TALKING POINTS Mrs. Monica Geingos First Lady of the Republic of Namibia Keynote Address: The Greater Inclusion of African Youth in Public Service and Governance
I am one of those who attributes meaning to words and I found it significant that the title of this Paper emphasizes the word “greater” inclusion. It implies that the inclusion that exists needs to be expanded and fast- tracked. If you distil the essence of the paper, the message to politicians is essentially “hey Guys! Thanks for including us but stop acting like you are doing us a favour because truth is, you are not doing enough, you are not doing it fast enough and since it looks like you don’t know how to include us, let us tell you how.”
Of course, those aren’t the words used by the authors. The Paper strikes a balance between the need to be diplomatic without diluting the need to be instructive. The words in print are carefully arranged to acknowledge what is being done, ask that more be done and gives guidance on how it can be done better.
I know there will be different views on this but what I have experienced and what I observe is: How you say something is as important as what you say. This paper manages to say what young people are saying to each other privately: these guys see us, they include us, but they don’t listen to us. I am sure that by now, many of you who have been given the proverbial seat at the table are starting to notice that sitting at the table doesn’t automatically translate into being heard. I am sure many of you have left meetings re-phrasing how you could have said something better or frustrated that what you meant to say was misunderstood or miscontextualised because of the wrong timing or choice of words. Am I asking you to contort yourself to fit into respectability politics, sit quietly and only speak when spoken to? No. I am asking you not to conform, not to dilute yourself and not to seek approval. What I am asking is that you think about what it means to communicate effectively. If the chance of my input stands a better chance of being taken seriously because I make the same point by deploying different language, then let me rather choose my words carefully.
Like the Paper we are here to discuss – cleverly launched on International youth day – it is possible to deliver some hard truths by being strategic in terms of timing, tone and truthfulness. If you are sitting at the table and you can’t change the agenda, you have not been included, you have been co-opted.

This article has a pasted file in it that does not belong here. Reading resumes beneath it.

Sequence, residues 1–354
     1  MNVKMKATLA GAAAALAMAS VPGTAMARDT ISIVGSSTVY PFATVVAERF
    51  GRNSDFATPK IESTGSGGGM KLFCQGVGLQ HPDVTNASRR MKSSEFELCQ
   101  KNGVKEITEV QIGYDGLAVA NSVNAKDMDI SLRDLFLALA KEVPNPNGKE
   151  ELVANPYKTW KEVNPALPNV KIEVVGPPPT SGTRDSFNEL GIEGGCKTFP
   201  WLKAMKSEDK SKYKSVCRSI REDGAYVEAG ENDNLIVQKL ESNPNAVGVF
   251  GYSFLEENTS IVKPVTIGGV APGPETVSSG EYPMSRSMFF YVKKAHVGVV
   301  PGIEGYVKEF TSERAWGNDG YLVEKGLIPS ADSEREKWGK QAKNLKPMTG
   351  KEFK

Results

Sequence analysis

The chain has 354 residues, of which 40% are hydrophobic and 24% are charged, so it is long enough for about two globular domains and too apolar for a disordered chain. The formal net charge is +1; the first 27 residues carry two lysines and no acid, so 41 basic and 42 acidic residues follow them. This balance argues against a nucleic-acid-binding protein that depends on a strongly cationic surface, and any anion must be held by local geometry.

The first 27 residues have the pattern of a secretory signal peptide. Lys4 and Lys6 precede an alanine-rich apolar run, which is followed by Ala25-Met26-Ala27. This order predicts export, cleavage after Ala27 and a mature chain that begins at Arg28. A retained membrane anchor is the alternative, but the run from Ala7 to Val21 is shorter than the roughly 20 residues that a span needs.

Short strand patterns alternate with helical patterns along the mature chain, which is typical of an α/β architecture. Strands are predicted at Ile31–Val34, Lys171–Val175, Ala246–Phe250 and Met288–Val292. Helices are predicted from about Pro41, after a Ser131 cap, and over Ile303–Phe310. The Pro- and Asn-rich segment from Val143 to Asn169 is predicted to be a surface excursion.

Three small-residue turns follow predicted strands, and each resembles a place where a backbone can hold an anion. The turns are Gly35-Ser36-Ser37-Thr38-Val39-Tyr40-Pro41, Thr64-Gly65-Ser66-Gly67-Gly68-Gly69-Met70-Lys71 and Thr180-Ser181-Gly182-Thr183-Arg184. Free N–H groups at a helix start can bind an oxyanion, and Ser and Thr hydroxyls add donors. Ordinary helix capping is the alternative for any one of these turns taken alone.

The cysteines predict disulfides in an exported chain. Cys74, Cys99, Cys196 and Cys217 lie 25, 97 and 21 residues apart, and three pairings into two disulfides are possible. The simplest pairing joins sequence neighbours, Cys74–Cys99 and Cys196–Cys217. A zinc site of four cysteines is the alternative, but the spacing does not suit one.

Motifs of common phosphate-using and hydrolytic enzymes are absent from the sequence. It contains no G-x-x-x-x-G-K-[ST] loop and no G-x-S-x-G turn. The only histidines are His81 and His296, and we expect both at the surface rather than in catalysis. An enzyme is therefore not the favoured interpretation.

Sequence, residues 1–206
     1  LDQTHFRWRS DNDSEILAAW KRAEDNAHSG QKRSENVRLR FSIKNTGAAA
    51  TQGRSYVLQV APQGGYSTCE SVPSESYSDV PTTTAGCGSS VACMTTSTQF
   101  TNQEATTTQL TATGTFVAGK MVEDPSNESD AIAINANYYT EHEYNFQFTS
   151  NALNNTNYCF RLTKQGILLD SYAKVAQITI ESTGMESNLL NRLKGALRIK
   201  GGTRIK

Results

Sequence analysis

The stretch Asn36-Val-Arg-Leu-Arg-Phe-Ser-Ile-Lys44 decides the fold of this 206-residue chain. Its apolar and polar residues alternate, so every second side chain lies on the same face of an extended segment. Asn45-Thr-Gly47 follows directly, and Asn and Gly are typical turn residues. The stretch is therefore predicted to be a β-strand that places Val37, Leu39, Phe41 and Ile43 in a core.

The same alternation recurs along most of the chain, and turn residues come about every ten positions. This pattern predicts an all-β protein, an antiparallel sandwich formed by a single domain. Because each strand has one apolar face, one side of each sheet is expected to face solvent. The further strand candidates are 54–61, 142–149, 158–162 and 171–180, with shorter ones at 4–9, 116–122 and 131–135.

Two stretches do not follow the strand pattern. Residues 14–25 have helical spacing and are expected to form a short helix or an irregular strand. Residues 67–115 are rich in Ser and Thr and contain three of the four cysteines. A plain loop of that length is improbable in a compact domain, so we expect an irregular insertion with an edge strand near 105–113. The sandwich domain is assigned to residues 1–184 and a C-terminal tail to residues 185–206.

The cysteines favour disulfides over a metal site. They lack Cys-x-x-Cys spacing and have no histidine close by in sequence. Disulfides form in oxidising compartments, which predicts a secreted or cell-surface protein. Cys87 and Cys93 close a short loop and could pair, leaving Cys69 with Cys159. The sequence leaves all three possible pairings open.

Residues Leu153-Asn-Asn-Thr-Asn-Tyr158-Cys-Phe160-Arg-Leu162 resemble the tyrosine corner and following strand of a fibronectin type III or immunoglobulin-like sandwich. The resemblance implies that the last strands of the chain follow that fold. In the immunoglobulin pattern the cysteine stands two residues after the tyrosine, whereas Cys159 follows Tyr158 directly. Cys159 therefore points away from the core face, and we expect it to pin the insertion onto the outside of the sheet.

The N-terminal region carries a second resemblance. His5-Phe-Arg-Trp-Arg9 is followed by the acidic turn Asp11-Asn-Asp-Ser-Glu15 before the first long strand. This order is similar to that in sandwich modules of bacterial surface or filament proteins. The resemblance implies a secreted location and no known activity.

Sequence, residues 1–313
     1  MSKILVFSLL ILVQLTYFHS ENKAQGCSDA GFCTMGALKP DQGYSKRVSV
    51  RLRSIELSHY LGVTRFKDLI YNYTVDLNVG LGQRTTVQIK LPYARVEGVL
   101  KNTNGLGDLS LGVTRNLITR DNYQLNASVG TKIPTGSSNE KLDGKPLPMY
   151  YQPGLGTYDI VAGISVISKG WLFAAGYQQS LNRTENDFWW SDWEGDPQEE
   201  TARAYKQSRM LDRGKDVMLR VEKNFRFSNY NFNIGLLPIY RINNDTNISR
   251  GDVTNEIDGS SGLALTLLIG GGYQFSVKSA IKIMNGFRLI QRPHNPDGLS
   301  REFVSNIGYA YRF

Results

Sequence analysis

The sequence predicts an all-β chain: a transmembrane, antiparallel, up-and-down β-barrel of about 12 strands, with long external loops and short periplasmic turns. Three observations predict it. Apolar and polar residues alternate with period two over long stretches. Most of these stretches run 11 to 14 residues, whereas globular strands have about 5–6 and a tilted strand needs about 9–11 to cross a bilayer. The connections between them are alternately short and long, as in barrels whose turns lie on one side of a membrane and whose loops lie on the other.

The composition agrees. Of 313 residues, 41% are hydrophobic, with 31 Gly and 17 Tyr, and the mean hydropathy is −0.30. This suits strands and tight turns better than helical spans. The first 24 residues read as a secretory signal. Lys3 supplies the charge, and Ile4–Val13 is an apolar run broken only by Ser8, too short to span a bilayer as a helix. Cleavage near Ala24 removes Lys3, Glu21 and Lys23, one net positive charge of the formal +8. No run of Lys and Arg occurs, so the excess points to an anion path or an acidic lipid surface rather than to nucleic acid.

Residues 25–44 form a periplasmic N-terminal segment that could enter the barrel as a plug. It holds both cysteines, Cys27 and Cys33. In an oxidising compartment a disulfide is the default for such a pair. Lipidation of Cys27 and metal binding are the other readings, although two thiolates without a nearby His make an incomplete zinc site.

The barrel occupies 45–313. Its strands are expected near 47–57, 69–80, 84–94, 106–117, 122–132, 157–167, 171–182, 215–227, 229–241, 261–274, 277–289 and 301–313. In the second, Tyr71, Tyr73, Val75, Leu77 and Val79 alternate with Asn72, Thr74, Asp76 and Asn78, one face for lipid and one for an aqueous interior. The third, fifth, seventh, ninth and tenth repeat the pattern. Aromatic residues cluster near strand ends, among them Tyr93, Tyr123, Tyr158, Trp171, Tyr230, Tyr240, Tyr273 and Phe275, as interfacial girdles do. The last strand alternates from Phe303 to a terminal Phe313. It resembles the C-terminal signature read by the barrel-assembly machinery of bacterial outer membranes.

I have sat on Boards of leading private and public sector companies as the youngest member of the Board. I know how it feels like to be invisible, to say something that gets ignored and 10 minutes later when someone else uses different words to says exactly what I said, it is all of a sudden the best idea. As many of you have noticed, there are rules to power and politics. The worst thing about these rules is that many of the rules are unwritten and unspoken and we often need a guide to ensure we don’t break rules we didn’t even know exist. You will just hear “it’s not done that way.” Nobody tells you how it is done.
It was interesting to see how the Paper highlighted the utilization of Special Advisors as a pathway to politics. It,
rightly, points out that this talent pipeline should be institutionalized and not be dependent on how a Head of State feels. I agree with this position. I agree with their assessment that in Namibia, the incumbent President has shown commitment to the appointment of young people. I have seen how he spends time to nurture, develop and engage young people but what happens if they break an unwritten rule or when a new President takes over who doesn’t feel the same way about youth inclusion? It is best to have a transparent policy and clear processes.
I am also pleased that the Paper includes youth quotas as a way of expediting youth inclusion. Quotas are never a popular suggestion, but it’s an important one. The question around quotas will always be, “if you are so good, why can’t you make it on your own?” As a black woman, I understand the nuance of that sentiment. I hear the unspoken complaint that is unfair and a self- respecting candidate should rely on their competence. The reality is that no matter how qualified or competent a young person is, there are perceptions and unconscious bias that impacts how they are perceived. Youth inclusion will not achieve its targets without a quota system. It is also the most orderly way to ensure continuous inter- generational succession.
When I speak about youth inclusion, I speak with the assumption that we are all on the same page that youth representation must be demographically representative. No sexism. No tribalism. No classism. I know the struggles of many young, female political leaders across the continent and there will be a moment that we will
need to address the debilitating impact of political sexism on the careers of young women.
I want to make some observations and before I do, I would like you to explain what has informed my views by telling you quickly about my journey:
My qualifications are in law but my career was primarily in financial services. I started my career at the Namibian Stock Exchange, then I headed a Corporate Finance division at an Investment Bank. I left to become a founding shareholder and managing director of Namibia’s first private equity fund. I was also a shareholder and chairperson of a commercial bank and many other public and private companies. I was on a number of bodies that gave high level policy advise including the President’s Economic Advisory Council, the Public Office Bearers Commission, the Namibian Chamber of Commerce and the ruling party’s Think Tank.
I contributed financially and was even a party Section Chairperson for the locality I lived in. I resigned all these roles when I got married and changed from being a participant to being an observer. As a First Lady, people tend to assume I don’t know much. I am okay with that as I am not always in the mood to talk and it gives me time to observe people and power. It is always instructive to see how power is used by those who have it and how people who don’t have power behave around it. It’s the most fascinating dynamic to watch. The question I want each of you to ask yourselves today is, do you have a plan about how you will yield power? It seems a simple question, but the reality is that the answer is complex. Power is corrosive and it changes
people. You can’t control something you don’t understand. Observe power dynamics, be clear on how you behave around it and how you will behave when you have it. When you have power, always remember how it felt not to have power and be guided accordingly. Time won’t permit me to go into details so here are ten quick lessons I have learn from an observer’s perspective: